A misdemeanor is basically a minor criminal offense, so if you’re convicted of a misdemeanor, it’ll continue appearing on your criminal record forever, with the exception of a court expungement.
If you want to learn more about how long a misdemeanor stays on your record, continue reading!
What Is a Misdemeanor Conviction?
A misdemeanor conviction is a charge that’s considered a less severe crime than a felony.
If you’ve ever been accused of a misdemeanor, you could face up to 30 days in jail or a fine of up to $625. Aggravated misdemeanors may lead to even harsher consequences, with up to 2 years of jail time and a fine of up to $6,250.
However, what should be more concerning for people who went through a misdemeanor conviction is that it becomes a part of their criminal record.
In other words, your landlord or employer may search your criminal record and learn about your misdemeanor. While a misdemeanor isn’t as serious as a felony, certain people may look at it in an exaggerated way. The good news is you can get your misdemeanor expunged.
What Is Expungement?
Expungement is the removal of a criminal conviction. It also includes sealing. Some states have a formal expungement process, while others don’t. In either case, your best bet is to apply for a judicial dismissal to get the conviction removed.
If you’ve already gone through your probation period, you have the right to apply for a judicial dismissal and get it approved.
However, keep in mind that if you’re currently charged with an offense, you won’t be able to get a judicial dismissal for your past misdemeanor.
Difference Between Sealing and Expungement
There are two ways to hide your criminal records from public access: Expungement and sealing.
Expungement is the complete removal of your criminal record, making it inaccessible to anyone. On the other hand, sealing is basically “locking” your criminal record so that only specific entities can access it like, such as government agencies.
Deciding whether you should apply for expungement or sealing can be tricky. Each case will be different, so it’d be best to consult with a criminal defense lawyer on this.
How to Get a Judicial Dismissal
To be eligible for a judicial dismissal, you need to send a petition to the court to remove the misdemeanor from your criminal record.
You can go through the process on your own, but it might be a good idea to hire an attorney just to be on the safe side and make things move quicker.
Once the court reviews your application and approves it, the charges will be dismissed.
Can Multiple Misdemeanors Be Expunged?
Yes, you can get more than one misdemeanor expunged. However, you’ll have to apply for each misdemeanor on its own since you can’t remove all misdemeanors together with the same petition.
Does a Misdemeanor Conviction Show Up on a Background Check?
A misdemeanor conviction will show up on public background checks conducted on you. Any sort of illegal offense will appear in your criminal records, which could make it harder for you to get a job or a house.
This may only apply to county records, so the misdemeanor will only appear if the employer or landlord checks your county records.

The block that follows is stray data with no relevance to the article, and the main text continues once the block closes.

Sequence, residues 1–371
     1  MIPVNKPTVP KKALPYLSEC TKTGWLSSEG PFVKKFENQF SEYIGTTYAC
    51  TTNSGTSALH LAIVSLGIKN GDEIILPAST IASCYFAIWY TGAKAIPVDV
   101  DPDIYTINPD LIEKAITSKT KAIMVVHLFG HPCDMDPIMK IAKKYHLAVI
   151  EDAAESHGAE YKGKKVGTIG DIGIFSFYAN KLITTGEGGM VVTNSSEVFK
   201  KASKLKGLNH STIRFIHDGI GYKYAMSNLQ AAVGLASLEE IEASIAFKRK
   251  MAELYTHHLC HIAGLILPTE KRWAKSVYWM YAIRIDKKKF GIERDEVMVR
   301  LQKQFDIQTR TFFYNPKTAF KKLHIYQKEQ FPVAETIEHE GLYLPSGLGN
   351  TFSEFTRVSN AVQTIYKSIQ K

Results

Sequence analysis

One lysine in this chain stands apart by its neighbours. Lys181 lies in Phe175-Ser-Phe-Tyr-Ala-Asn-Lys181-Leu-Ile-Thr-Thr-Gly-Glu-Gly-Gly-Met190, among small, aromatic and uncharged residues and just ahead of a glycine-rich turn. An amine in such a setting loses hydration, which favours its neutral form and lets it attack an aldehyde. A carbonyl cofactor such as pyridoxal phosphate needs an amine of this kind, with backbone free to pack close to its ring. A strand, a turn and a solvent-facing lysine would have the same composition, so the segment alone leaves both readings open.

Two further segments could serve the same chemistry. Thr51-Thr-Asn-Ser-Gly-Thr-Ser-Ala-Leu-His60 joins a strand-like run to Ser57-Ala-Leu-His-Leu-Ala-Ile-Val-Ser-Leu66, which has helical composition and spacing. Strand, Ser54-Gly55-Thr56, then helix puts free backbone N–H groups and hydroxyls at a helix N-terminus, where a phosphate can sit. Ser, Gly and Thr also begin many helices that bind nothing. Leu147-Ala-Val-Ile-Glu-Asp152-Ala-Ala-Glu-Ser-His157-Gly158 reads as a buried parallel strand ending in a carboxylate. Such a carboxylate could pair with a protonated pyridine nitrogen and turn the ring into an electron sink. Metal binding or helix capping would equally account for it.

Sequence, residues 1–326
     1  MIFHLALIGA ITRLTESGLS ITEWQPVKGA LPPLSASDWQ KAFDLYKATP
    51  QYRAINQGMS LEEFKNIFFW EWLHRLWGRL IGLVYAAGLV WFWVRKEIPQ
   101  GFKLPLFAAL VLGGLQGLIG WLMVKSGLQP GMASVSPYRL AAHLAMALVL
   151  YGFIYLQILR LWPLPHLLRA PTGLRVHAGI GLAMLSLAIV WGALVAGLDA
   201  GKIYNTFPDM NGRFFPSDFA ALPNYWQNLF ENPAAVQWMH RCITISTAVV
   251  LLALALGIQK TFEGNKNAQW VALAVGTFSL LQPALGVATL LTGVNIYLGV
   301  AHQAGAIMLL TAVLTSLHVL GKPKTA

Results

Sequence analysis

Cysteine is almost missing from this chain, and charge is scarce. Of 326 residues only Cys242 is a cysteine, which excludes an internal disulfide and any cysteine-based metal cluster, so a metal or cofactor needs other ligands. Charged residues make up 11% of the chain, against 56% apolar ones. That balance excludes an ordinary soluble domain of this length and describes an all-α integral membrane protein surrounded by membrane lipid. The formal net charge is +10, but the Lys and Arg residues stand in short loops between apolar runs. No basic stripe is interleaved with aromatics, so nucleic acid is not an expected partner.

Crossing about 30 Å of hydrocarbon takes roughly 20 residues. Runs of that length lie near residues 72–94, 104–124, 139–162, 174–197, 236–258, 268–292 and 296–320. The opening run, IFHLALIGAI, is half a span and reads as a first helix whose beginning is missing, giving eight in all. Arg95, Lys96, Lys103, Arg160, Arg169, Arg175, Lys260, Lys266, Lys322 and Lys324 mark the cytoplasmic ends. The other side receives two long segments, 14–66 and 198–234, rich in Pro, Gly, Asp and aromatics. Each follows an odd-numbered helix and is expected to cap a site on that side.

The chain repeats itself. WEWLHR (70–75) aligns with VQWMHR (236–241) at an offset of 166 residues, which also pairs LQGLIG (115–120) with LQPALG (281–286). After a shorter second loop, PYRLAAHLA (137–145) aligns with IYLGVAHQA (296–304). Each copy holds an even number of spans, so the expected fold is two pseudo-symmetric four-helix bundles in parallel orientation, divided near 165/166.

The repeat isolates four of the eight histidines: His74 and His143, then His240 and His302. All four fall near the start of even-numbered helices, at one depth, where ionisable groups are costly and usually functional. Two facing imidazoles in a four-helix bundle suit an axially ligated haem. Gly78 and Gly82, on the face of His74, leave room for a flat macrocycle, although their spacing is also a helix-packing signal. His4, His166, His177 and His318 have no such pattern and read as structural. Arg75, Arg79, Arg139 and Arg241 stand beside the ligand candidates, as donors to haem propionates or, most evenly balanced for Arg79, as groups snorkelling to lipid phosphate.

However, county courts often relay criminal records to state offices, meaning the conviction could appear in your federal records.
Nevertheless, it’s crucial that you be 100% transparent with your potential employer about your criminal record if they ask about it. The only exception is when you live in a city where a potential employer inquiring about the criminal history of candidates is illegal.
A good practice is to never mention anything about your criminal record until the employer inquires about it.
How to Find Out What Others Can See in a Background Check
The best way to learn how your criminal record will appear to other people is to run a background check on yourself. There are various free online services that help you do that.
All you have to do is enter your first and last name, and the service will give you your full background check, including your criminal history.
In some cases, you might be required to enter additional information, like address, birth date, or other personal information.
On a side note, keep in mind that not all services are 100% accurate, so make sure that you use a trusted service.
What Other Information Can Potential Employers See in a Background Check?
Other than misdemeanors, here’s what your employer can legally find out about you in a background check:
- Employment history
- Drug testing results
- Dismissed charges
- Past employment
- Education history
Can Anyone Run a Background Check on You?
Pretty much anyone can conduct a background check to learn about your criminal record, and it’s not illegal since background checks only display public information.
However, according to law, you might be eligible to get certain things removed from your background checks. You can run a background check on yourself to get a detailed overview of what other people can find about you.
A misdemeanor will appear in criminal records and background checks if you don’t take legal action to get it expunged or sealed.
You must do the best you can to get the misdemeanor clear if you want to increase your chances of getting a job or buying a house.
Do you want to know what others see in your background checks? Conduct a free online background check on yourself now.